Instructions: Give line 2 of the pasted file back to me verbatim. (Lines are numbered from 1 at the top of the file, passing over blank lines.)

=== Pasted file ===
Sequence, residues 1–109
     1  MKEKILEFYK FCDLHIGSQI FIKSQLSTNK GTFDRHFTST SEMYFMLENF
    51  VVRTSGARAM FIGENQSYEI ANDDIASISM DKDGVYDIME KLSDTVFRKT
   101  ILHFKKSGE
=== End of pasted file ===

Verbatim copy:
     1  MKEKILEFYK FCDLHIGSQI FIKSQLSTNK GTFDRHFTST SEMYFMLENF